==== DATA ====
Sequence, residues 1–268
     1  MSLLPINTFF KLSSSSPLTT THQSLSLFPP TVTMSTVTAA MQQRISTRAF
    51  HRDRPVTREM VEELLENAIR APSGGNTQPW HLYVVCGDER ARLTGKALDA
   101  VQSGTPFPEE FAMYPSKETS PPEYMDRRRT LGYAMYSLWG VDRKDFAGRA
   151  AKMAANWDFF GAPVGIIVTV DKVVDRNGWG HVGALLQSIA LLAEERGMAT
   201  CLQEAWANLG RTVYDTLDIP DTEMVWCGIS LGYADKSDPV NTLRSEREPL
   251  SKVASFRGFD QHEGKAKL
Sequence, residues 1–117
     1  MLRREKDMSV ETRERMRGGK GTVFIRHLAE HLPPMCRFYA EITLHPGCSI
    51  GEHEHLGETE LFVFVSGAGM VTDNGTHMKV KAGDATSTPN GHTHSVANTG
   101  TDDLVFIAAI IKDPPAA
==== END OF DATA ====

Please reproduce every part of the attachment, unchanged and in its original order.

Sequence, residues 1–268
     1  MSLLPINTFF KLSSSSPLTT THQSLSLFPP TVTMSTVTAA MQQRISTRAF
    51  HRDRPVTREM VEELLENAIR APSGGNTQPW HLYVVCGDER ARLTGKALDA
   101  VQSGTPFPEE FAMYPSKETS PPEYMDRRRT LGYAMYSLWG VDRKDFAGRA
   151  AKMAANWDFF GAPVGIIVTV DKVVDRNGWG HVGALLQSIA LLAEERGMAT
   201  CLQEAWANLG RTVYDTLDIP DTEMVWCGIS LGYADKSDPV NTLRSEREPL
   251  SKVASFRGFD QHEGKAKL
Sequence, residues 1–117
     1  MLRREKDMSV ETRERMRGGK GTVFIRHLAE HLPPMCRFYA EITLHPGCSI
    51  GEHEHLGETE LFVFVSGAGM VTDNGTHMKV KAGDATSTPN GHTHSVANTG
   101  TDDLVFIAAI IKDPPAA